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Onions enhance flavors in food

July 23, 2013|Lynn Little

Wouldn’t it be great to season your food without adding a lot of fat or salt? Try adding onions. Their lively flavor ranges from sharp to sweet and they enhance many dishes plus provide a nutritional boost.  

There are many different onion varieties on the market. Yellow onions are the most common and readily available year-round. The yellow onion has a sharp flavor, thick skin and low moisture content. They can be kept for many weeks in a cool, dry place.  If stored correctly, most onions will keep up to 2 months.

Sweet onions are mild in flavor because they have been bred to be higher in sugar and lower in pungent sulfur compounds than storage onions. Sweet onions are often named after the place where they are grown: Vidalia, Walla Walla, Maui. They have higher moisture content and do not store as well as yellow onions.

White onions are generally mild and slightly sweet. They can be used for cooking or in salads. Red onions are delicious in salads, adding both flavor and color. When cooked, red onions have less flavor than other varieties.  

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Spring onions have a mild, delicate flavor and both the green tops and the white bulb can be sliced and added to salads, omelets, tossed into stir-fries or  finely chopped and used as a garnish on fish or in noodle dishes. Spring onions are normally sold in bunches — look for ones that have firm white bulbs and undamaged green tops.  The thinner onions will have a milder flavor. Store wrapped in plastic in the refrigerator and use within a few days. Spring onions do not store as well as yellow onions.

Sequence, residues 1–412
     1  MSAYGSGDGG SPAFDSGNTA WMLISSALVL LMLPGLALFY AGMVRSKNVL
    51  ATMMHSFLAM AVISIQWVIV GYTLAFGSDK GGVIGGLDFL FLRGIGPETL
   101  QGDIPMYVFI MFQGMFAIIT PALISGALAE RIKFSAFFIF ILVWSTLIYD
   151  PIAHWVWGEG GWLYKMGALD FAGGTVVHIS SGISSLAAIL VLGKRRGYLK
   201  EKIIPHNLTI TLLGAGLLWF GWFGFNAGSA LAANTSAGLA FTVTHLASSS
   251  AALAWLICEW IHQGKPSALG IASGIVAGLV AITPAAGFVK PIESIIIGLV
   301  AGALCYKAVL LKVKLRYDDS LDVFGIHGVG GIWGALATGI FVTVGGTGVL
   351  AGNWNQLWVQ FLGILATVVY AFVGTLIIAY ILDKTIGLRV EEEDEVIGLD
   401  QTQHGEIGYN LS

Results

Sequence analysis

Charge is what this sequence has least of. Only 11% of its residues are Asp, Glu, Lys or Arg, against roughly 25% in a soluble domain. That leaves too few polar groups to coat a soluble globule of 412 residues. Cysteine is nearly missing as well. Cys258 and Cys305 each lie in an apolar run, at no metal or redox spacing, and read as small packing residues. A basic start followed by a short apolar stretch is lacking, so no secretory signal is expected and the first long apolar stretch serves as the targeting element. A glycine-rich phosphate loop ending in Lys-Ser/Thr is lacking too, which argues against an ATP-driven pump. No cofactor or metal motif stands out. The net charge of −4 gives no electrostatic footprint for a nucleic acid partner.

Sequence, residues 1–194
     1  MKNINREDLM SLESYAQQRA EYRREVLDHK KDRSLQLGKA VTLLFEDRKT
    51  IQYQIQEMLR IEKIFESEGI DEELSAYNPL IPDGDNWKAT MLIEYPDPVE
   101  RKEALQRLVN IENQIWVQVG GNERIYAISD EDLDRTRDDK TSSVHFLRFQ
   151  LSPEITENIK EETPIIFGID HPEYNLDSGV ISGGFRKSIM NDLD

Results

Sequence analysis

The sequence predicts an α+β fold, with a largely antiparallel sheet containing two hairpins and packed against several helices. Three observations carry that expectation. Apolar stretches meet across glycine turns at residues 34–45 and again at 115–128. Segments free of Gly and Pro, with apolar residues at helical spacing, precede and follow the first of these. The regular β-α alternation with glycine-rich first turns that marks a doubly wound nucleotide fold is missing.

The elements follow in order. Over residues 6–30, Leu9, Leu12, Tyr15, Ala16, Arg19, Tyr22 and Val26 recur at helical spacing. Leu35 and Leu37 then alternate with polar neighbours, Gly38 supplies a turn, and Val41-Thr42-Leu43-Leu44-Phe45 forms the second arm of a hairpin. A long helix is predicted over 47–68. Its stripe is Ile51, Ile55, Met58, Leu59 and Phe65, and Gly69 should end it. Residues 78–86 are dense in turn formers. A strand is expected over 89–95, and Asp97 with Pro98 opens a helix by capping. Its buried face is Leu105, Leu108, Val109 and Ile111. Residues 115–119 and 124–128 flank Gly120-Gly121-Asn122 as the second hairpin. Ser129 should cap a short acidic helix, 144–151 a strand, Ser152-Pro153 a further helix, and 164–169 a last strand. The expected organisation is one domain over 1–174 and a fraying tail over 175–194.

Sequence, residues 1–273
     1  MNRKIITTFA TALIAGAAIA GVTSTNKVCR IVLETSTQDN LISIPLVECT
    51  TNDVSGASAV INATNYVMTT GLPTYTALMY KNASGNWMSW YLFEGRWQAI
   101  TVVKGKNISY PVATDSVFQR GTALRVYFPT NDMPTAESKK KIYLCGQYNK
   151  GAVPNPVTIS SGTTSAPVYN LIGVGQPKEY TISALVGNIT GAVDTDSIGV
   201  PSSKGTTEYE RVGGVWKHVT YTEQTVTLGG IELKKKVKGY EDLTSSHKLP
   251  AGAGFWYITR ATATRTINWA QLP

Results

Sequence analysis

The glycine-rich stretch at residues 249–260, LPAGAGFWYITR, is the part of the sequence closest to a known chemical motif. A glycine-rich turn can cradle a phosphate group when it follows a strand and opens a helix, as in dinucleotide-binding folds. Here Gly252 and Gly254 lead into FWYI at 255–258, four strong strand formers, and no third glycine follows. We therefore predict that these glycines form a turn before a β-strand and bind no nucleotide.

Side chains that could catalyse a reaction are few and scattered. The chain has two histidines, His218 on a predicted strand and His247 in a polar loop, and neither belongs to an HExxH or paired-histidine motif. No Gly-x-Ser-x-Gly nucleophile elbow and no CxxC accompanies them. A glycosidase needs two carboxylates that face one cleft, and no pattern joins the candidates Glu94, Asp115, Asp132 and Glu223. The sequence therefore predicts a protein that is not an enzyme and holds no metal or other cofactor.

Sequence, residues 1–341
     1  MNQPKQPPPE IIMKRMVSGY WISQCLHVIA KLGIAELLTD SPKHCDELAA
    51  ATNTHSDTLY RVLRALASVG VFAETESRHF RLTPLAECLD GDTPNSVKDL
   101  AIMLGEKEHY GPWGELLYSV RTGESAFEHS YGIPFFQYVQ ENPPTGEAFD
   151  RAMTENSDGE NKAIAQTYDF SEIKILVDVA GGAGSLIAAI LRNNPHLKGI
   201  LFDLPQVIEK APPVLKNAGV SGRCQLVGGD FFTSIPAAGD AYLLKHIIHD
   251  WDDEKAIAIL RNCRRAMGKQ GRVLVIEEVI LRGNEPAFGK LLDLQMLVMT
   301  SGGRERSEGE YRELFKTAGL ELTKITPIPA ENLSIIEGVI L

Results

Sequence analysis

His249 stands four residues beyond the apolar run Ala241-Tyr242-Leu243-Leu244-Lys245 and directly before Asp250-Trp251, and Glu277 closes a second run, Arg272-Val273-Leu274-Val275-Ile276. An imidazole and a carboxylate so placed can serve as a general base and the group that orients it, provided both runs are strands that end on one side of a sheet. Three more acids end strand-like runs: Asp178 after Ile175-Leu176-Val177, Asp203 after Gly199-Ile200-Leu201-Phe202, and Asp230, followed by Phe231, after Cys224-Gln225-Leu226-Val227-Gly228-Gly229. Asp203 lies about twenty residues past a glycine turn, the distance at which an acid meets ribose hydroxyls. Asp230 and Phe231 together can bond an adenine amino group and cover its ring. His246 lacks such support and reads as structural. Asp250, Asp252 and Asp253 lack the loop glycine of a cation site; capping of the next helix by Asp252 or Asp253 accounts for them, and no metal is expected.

A half cup of cooked chopped onions has only 30 calories, almost 2 grams of fiber, very little sodium and is virtually fat-free. More than 20 compounds in onions have been identified as helpful to prevent heart attacks and stroke, fight cancer and stave off infection.

To minimize crying that comes with chopping onions, chill them an hour before slicing. Cut them from the top and peel down without slicing the root end. Chop in a well-ventilated place. 

Save time and tears. If you have a food processor, chop several onions at one time and then freeze in 1 cup portions. Wrap well or put in a sealed freezer container. 

If you worry about onion breath, try chewing some parsley, mint, or other bright green herb. The chlorophyll in the herbs counteracts onion odor. 

If onion odor lingers on your hands, wash with vinegar or lemon juice. 

Onions develop a wonderful flavor with long, slow cooking. Slice onions into rings or half moons. Sauté in a nonstick pan with a teaspoon of oil over moderate heat. Stir frequently.

Puree onions into a sauce or broth. They add mellow flavor without being visible.  

The skin of yellow onions can be boiled in water to make a dye for eggs or yarn. You can also add the yellow peels to the stockpot to deepen the color of broth or soup.

Lynn Little is a family and consumer sciences educator with University of Maryland Extension in Washington County.

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